TN: Marijuana Legalization Discussion Takes Center Stage At ‘Clear The Air’ Conference

Photo Credit: WTVC

The debate over marijuana was a main talking point at the Tobacco Free Chattanooga Clear the Air Conference.

The keynote speaker was Dr. Michael Warren who is the deputy commissioner for population health for the state’s health department.

He addressed issues surrounding medical and recreational use and concerns lawmakers have in Tennessee.

The latest legislation in 2018 was killed in the Tennessee legislature.

It was a four-page decriminalization bill that focused on medical marijuana use.

“The science really doesn’t support using marijuana for all of the medical conditions that have been proposed in the state for the last couple of years,” Warren said.

In Tennessee, marijuana use of any kind is illegal. There is one exception. Cannabidiol, also known as CBD oil, can be used by patients who have intractable seizures. There are still concerns because many believe marijuana is harmful.

“Whether it’s impacting the ability to drive a car, in motor vehicle crashes because of impaired coordination or ingestions by individuals including children,” Warren said.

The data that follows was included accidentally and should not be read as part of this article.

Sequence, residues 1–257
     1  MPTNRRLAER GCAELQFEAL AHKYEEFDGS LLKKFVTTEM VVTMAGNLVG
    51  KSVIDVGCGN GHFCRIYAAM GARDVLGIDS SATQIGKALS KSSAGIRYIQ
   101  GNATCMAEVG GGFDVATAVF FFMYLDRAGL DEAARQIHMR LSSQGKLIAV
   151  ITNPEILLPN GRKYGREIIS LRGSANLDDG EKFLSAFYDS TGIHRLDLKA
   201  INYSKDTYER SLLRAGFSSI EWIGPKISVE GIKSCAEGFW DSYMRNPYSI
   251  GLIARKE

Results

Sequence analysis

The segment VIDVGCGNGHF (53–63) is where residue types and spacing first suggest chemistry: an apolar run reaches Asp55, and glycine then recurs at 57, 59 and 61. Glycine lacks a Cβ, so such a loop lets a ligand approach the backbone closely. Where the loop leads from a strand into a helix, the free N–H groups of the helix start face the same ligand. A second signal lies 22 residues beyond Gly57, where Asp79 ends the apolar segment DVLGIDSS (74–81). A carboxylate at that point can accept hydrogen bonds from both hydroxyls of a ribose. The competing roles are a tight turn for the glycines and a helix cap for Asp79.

Dr. Warren has nearly eight years of experience as the state’s deputy commissioner of population health. Big on evidence, Warren acknowledges medical marijuana can help with chronic pain and induces nausea during chemotherapy.

“We really support that FDA process going through making sure that medications are safe and effective,” Warren said.

The FDA approved two medications: Marinol and Cesamet. According to Warren, some medical experts are concerned about addiction. Nine percent of marijuana users become addicted. Also, as of 2014, THC concentration is between 11 and 12 percent.

According to Warren, any decision needs to be in the overall population’s best interest.

“My hope is that we’ll continue to have that dialogue and let science and not passion influence those decisions,” he said.

Warren says he firmly believes legislation will continue to be presented. The last bill that was proposed made it further in the legislature that any other previous proposal.